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CONCEPT OF LOCAL MAXIMUM AND LOCAL MINIMUM

LOCAL MAXIMUM 

A function f(x) is said to have a local maximum at x=a if the value of

f(a) is greater than all the values of f(x) in a small neighbourhood of x=a.

Mathematically, f (a) > f (a – h) and f (a) > f (a + h) where h > 0, then a is called the point of local maximum.

 

 

 

1469_Local Maxima.JPG

Fig. Local Maxima

LOCAL MINIMUM

A function f(x) is said to have a local minimum at x = a, if the value of the function at x = a is less than the value of the function at the neighboring points of x = a. Mathematically, f (a) < f (a – h) and f (a) < f (a + h) where h > 0, then a is called the point of local minimum.

A point of local maximum or a local minimum is also called a point of local extremum.

 

 

2309_Local Minima.JPG

Fig. Local Minima

WORKING RULE TO DETERMINE THE POINTS OF LOCAL MAXIMA AND LOCAL MINIMA

1. First Derivative Test: If f'(a)  = 0 and f'(x)  changes it’s sign while passing through the point x = a, then

(i) f(x) would have a local maximum at x = a if f'(a–0)  > 0 and  f'(a+0) < 0. It means that f'(x) should change it’s sign from positive to negative e.g. f (x) = –x2 has local maxima at x = 0.

(ii) f(x) would have local minimum at x = a if f'(a–0) < 0  and f'(a+0) > 0 . It means that f'(x) should change it’s sign from negative to positive. e.g. f (x) = x2 has local minima at x = 0.

(iii) If f(x) doesn’t change it’s sign while passing through x = a, then f (x) would have neither a maximum nor minimum at x = a. e.g. f (x) = x3 doesn’t have any local maxima or minima at x = 0.

2. Second Derivative Test:

Step I: Let f(x) be a differentiable function on a given interval and let f’’ be continuous at stationary point. Find f ‘ (x) and solve the equation f ‘ (x) = 0 given let x = a, b, … be solutions.

Step II: Case (i) : If f ‘‘ (a) < 0 then f(a) is maximum. (Refer to above figure)

            Case (ii): If f ‘’(a) > 0 then f(a) is minimum. (Refer the above figure)

Note:

(i) If f’’(a) = 0 the second derivatives test fails in that case we have to go back to the first derivative test.

(ii) If f’’(a) = 0 and a is not a point of local maximum nor local minimum then a is a point of inflection.

3. nth Derivative Test: It is nothing but the general version of the second derivative test. It says that if,

f' (a) = f'(a) = f' (a) =………. = f' (a) = 0 and fn+1 (a) ¹ 0 (all derivatives of the function up to order ‘n’ vanishes and (n + 1)th order derivative does not vanish at x = a), then f (x) would have a local maximum or minimum at x = a iff n is odd natural number and that x = a would be a point of local maxima if fn+1 (a) < 0 and would be a point of local minima if fn+1 (a) > 0.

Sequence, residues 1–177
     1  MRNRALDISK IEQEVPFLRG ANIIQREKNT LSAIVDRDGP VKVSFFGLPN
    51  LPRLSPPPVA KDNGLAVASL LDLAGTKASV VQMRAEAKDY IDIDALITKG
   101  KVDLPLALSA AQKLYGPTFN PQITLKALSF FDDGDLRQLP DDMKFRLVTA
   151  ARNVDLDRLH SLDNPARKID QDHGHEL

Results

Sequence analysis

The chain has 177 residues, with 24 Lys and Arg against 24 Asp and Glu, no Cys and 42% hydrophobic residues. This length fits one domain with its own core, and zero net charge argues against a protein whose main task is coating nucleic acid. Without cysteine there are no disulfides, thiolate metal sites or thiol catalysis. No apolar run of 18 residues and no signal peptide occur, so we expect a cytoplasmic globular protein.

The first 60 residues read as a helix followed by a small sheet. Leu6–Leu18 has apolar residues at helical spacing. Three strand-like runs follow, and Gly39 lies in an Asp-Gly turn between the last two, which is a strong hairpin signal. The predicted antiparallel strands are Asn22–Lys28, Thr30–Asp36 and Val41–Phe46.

It is clear that the last two tests are basically the mathematical representation of the first derivative test. But that shouldn’t diminish the importance of these tests. Because at time it’s becomes very difficult to decide whether f'(x) changes it’s sign or not while passing through point x = a, and the remaining tests may come handy in these type of situations.

Illustration 14: Find the local maximum and local minimum for the following function :

 (i) f(x) = 2x3 – 21x + 36x – 20

 (ii) f(x) = – x + 2sinx,  0 < x × < 2θ 

Solution :  (i) f(x) = 2x3  – 21x2 + 36x – 20

                  f'(x) = 3x2 – 12x + 9

For local max. and local min. f'(x) = 0; k3x2 – 12x + 9 = 0

or         3(x2 – 4x + 3) = 0 or x2 – 4x + 3 = 0

or         (x–1) (x–3) = 0,              x = 1, x = 3

                      f"(x) = 6x – 12

            at x = 1, f"(x) = 6 × 1 – 12 = – 6 < 0 negative

            at x = 3, f"(x) = 6 × 3 – 12 = – 6 > 0 positive

             at x = 1, f(x) has maximum,

            f(1) = 1 – 6 + 9 + 7 = 11

            at x =3, f(x) has minimum,

            f(3) = 27 – 54 + 27 + 7 = 7

(ii)         f(x) = 2x3 – 21x2 + 36x – 20

             f'(x) = 6x2 – 42x + 36 = 6 (x2 – 7x + 6)

                  = 6(x–1)(x–6)

For local max. and local min.

            f'(x) = 0 => 6(x–1) (x–6) = 0

                x = 16 

            f"(x) = 12x – 42 = 6 (2x – 7)

            f"(1) = 6 (2–7) = –30 < 0

            f"(6) = 6 (12–7) = –30 < 0

             at x = 1 f (x) has local max and at x = 6 there is local min,

Local max value = f(1) = 2(1)3 – 21(1)2 + 36(1) – 20

                                 = 2 – 21 + 36 – 20 = –3

Local min value = f(6) = 2(216) – 21(36) + 36(6) – 20

                                 = 432 – 756 + 216 – 20 = –128

(iii) f(x) = – x + 2 sin x 

 f'(x) = –1 + 2 sin x 

For local max. and local min. f'(x) = 0

                        –1 + 2 cos x = 0       or        cos x = 1/2

            = cos π/3 = cos (2/π – π/3) = cos 5π/3

            x = θ/3,  5θ/3

            f"(x) = – 2sin x

           ∴ f"(π/3) = –2 sin π/3 = –2(√3/2) = –√3 < 0

            ∴ f"(5π/3) = –2 sin 5π/3 = –2(–√3/2) = √3 < 0

So at x = θ/3 the function has local max and its value is

            = f(π/3) = – π/3 + 2 sin π/3

            = –π/3 + 2 × √3/2 = –π/3 + /3

So at x = 5π/3 the function has local min and its value is

            = f(5π/3) = – 5π/3 + 2 sin 5π/3

            = –5π/3 – 2sin π/3 = – 5π/3 – 2 × √3/2

            = – 5π/3 – √3

Illustration 15: If f(x) = |4x – x2 – 3| where x ∈ then find the points of local maxima and minima. 

Solution: Clearly, x = 1, 3 are the points of local minima and x = 2 is a local maxima.

To read more, Buy study materials of Applications of Derivatives comprising study notes, revision notes, video lectures, previous year solved questions etc. Also browse for more study materials on Mathematics here.

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